Simon & Schuster and Barnes and Noble have ended their long dispute, opening the way for the publishers' authors to have their books sold vigorously in the chain's stores during the coming fall and holiday seasons.
In a joint statement Monday, the two companies gave no details, saying only that they had “resolved their outstanding business issues" and that both parties “look forward to promoting great books by Simon & Schuster authors."
S&S CEO Carolyn Reidy, sent an email to authors and agents thanking them for their support “during this most difficult period," the New York Times reports.
“I and my colleagues have felt keenly the effect this trade dispute has had on books published during this time and have tried nevertheless to achieve the best possible distribution and marketing for your books, which we know are the product of many years of effort,” Ms. Reidy said.
The announcement comes during a tumultuous time for B&N. This morning, Leonard Riggio said he has suspended his efforts to make an offer for the company's retail business, Reuters reports. (We'll have more on this and B&N's latest financial results in a separate post).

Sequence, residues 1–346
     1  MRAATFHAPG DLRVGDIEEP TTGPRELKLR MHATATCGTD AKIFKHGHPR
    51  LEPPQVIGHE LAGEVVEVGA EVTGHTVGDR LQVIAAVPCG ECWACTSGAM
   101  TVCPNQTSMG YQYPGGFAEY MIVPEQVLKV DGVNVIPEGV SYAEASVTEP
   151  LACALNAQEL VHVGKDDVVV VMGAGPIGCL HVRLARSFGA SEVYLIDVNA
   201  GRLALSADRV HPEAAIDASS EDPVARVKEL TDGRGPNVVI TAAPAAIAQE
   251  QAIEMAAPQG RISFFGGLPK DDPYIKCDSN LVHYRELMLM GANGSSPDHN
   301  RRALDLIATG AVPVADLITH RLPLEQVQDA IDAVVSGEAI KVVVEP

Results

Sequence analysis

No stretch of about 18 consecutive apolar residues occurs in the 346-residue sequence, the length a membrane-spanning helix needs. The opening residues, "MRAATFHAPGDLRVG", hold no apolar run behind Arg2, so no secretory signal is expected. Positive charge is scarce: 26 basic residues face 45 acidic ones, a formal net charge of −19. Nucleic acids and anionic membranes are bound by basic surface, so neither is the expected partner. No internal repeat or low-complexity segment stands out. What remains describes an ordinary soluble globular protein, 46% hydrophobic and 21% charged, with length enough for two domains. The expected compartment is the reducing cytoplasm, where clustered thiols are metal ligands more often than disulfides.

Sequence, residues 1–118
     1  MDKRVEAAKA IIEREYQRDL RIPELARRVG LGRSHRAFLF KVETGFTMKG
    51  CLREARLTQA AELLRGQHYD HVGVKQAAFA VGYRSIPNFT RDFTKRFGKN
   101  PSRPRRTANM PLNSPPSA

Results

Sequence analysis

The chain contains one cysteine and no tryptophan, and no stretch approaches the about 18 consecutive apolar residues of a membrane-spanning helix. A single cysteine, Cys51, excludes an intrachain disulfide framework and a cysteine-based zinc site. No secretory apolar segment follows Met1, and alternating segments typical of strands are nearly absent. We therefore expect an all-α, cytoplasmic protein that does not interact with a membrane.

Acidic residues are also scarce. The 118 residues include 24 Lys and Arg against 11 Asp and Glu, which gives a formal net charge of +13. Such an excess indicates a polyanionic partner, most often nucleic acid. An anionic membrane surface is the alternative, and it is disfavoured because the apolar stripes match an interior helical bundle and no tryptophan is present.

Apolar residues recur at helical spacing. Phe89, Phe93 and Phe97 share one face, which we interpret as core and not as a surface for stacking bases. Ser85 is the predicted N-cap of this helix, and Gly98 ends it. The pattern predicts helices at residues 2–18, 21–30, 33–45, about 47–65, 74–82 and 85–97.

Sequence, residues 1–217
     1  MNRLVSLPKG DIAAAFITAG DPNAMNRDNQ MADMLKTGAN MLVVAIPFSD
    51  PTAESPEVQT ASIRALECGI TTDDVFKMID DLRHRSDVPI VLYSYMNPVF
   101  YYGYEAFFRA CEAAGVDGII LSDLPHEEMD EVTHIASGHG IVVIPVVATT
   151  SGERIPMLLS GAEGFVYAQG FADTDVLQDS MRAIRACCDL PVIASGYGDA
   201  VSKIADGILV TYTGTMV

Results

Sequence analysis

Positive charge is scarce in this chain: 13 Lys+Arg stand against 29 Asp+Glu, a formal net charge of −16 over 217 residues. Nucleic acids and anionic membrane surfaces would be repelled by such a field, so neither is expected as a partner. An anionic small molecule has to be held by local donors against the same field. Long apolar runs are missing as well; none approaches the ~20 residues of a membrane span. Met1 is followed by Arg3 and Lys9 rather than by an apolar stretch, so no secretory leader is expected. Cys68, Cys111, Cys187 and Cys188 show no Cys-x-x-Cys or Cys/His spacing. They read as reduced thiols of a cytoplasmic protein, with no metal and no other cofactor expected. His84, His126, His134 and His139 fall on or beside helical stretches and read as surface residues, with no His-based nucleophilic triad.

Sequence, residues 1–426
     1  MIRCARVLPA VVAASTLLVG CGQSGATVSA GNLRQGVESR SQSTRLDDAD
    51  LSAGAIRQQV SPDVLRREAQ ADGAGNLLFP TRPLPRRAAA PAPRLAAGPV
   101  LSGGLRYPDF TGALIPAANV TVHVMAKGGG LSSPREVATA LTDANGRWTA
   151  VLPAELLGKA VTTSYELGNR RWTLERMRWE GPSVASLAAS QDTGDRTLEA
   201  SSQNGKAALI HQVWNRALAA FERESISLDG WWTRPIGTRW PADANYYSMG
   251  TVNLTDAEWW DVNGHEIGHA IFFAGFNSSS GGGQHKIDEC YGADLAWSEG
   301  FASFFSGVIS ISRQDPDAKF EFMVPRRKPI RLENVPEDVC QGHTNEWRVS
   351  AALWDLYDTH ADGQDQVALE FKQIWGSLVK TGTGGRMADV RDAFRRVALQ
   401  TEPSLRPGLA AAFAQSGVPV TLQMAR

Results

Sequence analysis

The disagreement over terms, the details of which have remained vague, dragged on for months. During that time, Reidy downplayed the effect on S&S sales, saying the publisher had been able to offset the loss of business at B&N with stepped up marketing at other channels and rising ebook sales.
But the standoff resulted in lost sales to authors whose books were stocked sparsely or not at all at the chain and who were forced to cancel promotional visits to B&N stores. Many, many authors were deprived of their most important brick-and-mortar showrooms while their new books were in their most critical sales periods, inflicting untold damage to the books' sales and to the authors' careers. It's good to have this behind us at last.